Rina Senderskaya, College of Pharmacy Valedictory Speech 2010, Long Island University, Brooklyn Campus
Alka Gupta,Assistant Director of Public Relations
Long Island University
Thank you, Dean Taft.
Good afternoon and welcome Chairman Travaglianti, Chancellor Lachman, President Steinberg, Provost Haynes, Trustees, Overseers, esteemed faculty and staff, fellow students, family and friends.
I feel truly honored and humbled on this joyous day to be representing the graduating class of the Arnold and Marie Schwartz College of Pharmacy and Health Sciences of Long Island University.
On behalf of all my fellow students, I want to extend a very special thanks to the faculty, administration and staff for the guidance, support, and most especially, for the precious knowledge that has gotten us all to this point in our lives.
I want to briefly address the mothers and fathers, husbands and wives, sons and daughters, brothers and sisters of the graduates. On behalf of my fellow students, I want to thank all of you for your support along this journey. Thank you for being there for us every step of the way. I would like to point out that each and every graduate that is sitting here today was chosen by a highly selective process. These are the selected and fortunate few who have been chosen to attend this highly competitive program, out of thousands of equally excellent candidates. Be proud of them and their hard work and achievements.
At this time I want to thank my mom, dad, and Eugene, whose patience, love, encouragement and support have been endless and without whom I would not be standing here today.
Most importantly, I want to thank my fellow students. We could not have achieved this alone, we could not have done this without each other. I feel privileged to have made many friends here, but I want to acknowledge by name my dearest friends here at school—Yuliana, Olga, and Yelena – who shared this experience with me each and every day for the last four years.
Today I can’t help but think about my grandmother, who was for many years a beloved physician in my native town in the Ukraine, and the memories of my childhood, when our home was always open to friends and neighbors for treatment, medication, advice and comforting words. She was my inspiration, whose memory has lighted the way for me to this day.
Originally, I earned a degree in computer information systems, but after I embarked on that career path, I realized that my true calling lay in the health professions. So I began working towards getting accepted into this pharmacy program. It was not easy, but it was worth it, and as soon as I began my studies here, I knew that I had made the right decision, and that I had found my professional home. Since then I have never felt otherwise.
As Doctors of Pharmacy, we are privileged and fortunate to have chosen a profession that has been at the center of the most revolutionary advances in medicine in the last century. Pharmaceuticals have made the biggest and most profound difference in saving and improving people’s lives. Of course, along with the rest of the healthcare industry, pharmacy too is being rapidly transformed. In light of the historic reform legislation that passed Congress several months ago, the entire landscape of healthcare in America seems somewhat uncertain. The ongoing financial and economic crises pose additional uncertainties. But because of the fundamental values at the heart of our profession, we remain confident in its overall stability and in the range of career opportunities it will continue to offer.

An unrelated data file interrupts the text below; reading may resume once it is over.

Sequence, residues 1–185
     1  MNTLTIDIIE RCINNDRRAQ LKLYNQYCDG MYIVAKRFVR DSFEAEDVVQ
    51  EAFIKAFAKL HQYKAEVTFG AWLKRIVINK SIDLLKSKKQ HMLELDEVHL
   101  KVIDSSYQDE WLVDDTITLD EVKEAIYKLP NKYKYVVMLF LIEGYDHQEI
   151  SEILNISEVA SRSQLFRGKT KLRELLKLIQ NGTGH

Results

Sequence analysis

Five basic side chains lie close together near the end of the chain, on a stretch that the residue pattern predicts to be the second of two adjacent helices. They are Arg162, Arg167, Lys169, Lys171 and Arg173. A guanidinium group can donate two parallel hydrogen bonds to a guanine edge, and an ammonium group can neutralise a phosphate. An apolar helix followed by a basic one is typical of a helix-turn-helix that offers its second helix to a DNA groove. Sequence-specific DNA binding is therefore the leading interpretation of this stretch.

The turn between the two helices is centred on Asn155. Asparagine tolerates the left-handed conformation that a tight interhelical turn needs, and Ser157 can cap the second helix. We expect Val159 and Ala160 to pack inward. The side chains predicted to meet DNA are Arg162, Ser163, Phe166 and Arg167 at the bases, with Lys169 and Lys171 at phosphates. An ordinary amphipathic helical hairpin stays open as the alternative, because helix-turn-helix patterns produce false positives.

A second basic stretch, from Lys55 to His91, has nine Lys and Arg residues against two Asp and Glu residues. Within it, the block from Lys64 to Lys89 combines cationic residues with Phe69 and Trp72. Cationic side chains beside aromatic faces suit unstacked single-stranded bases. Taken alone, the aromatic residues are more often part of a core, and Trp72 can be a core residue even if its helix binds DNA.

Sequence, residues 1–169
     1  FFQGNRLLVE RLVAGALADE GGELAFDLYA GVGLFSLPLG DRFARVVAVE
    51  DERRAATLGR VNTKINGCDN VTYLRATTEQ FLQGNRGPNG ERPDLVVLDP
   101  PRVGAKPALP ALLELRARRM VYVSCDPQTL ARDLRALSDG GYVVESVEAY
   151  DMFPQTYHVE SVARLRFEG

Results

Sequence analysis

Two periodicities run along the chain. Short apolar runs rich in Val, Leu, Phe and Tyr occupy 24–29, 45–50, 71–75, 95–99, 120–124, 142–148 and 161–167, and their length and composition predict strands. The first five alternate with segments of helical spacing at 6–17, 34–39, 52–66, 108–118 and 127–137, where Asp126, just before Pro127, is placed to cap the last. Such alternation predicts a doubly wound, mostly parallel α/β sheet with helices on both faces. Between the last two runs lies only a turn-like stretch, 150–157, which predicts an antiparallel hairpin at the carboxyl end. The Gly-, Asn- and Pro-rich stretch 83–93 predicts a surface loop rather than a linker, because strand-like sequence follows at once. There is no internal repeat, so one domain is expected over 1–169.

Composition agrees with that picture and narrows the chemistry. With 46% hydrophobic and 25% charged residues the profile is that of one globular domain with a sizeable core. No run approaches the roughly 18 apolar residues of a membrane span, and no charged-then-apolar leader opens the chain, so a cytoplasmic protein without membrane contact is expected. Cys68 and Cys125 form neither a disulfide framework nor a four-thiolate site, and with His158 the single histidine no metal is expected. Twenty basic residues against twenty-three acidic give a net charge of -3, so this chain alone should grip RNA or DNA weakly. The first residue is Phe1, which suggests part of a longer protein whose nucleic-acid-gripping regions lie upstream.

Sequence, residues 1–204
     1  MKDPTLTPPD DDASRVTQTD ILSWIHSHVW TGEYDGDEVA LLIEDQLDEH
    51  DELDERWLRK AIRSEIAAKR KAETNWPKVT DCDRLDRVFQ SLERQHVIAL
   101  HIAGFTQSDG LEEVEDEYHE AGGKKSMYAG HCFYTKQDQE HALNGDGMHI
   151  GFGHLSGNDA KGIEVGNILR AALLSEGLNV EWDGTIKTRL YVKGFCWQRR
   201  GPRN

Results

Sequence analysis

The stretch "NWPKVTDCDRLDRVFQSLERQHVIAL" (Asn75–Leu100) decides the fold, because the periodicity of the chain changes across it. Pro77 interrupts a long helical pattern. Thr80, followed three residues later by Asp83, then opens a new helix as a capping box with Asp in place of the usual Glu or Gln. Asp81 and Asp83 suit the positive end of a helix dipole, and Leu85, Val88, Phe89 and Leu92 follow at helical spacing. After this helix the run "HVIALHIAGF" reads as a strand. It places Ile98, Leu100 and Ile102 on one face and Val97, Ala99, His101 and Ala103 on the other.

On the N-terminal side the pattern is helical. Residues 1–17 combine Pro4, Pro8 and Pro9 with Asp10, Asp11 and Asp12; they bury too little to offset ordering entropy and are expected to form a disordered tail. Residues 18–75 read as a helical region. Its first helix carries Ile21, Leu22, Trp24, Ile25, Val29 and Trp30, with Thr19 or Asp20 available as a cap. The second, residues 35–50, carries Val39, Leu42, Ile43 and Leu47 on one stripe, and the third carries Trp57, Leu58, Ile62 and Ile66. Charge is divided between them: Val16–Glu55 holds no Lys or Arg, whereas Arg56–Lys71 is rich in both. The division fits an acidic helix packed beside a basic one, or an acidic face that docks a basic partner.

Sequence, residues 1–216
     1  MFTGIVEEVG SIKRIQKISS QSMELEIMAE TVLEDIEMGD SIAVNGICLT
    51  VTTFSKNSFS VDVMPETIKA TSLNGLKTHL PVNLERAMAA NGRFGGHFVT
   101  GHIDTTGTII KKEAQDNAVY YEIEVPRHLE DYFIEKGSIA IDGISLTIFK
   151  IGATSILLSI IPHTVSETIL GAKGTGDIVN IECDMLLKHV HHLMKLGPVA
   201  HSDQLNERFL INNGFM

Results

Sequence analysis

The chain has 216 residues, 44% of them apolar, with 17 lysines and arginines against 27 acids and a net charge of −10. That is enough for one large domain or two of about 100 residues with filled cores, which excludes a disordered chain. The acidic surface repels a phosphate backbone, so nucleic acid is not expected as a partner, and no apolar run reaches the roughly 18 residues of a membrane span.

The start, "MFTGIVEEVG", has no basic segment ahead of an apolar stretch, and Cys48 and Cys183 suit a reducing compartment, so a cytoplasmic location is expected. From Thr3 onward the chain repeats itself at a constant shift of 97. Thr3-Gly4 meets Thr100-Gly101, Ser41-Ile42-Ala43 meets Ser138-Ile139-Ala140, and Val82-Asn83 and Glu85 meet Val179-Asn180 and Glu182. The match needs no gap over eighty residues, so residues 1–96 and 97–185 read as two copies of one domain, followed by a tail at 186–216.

When we began our studies here four years ago, we met as strangers from vastly different backgrounds, with different histories, from different parts of the world. While some of us were older and had already earned college degrees and had other life experiences, others were fresh-faced, straight out of high school. Ours is a wonderfully, amazingly diverse class that is a reflection of this great city and of this great nation in which we live.
At the beginning, choosing pharmacy or having the good fortune to have pharmacy choose us was all we had in common. Now, as the Class of 2010, we will always be united as much by the adversity we have faced together and have overcome, as by the achievements we celebrate today. I want to take a few moments to look back with my fellow graduates on this difficult journey we have just completed. As I stand here, I cannot help but remember the endless hours and days in lectures in HS107, the sleepless nights before our weekly exams… memories of hours on the telephone, of frantically reviewing clinical or kinetic notes. If someday I am diagnosed with post-traumatic stress disorder, I will know the true cause.
From here, of course, we each take our separate paths. Some of us have chosen to go on to do PGY-1 clinical residencies. Others have accepted fellowships in the pharmaceutical industry. Still others—especially those who feel that LIU shortchanged us in the way of 18-hour study days, or simply not hit us with enough exams—will hunger for more education, and go on to earn MBAs or other advanced degrees. And truth be told, many more of us leave to work in community practice, either with one of the big chains or perhaps for an independent pharmacy, or to staff positions in hospitals around this great city. Whatever path we take, my final wish is this: that we will each find the path that suits both our temperaments and our ambitions, and that, in spite of all that will come between us in the years ahead, that we will work to stay in touch and share our accomplishments and joys, both personal and professional, in the coming years.
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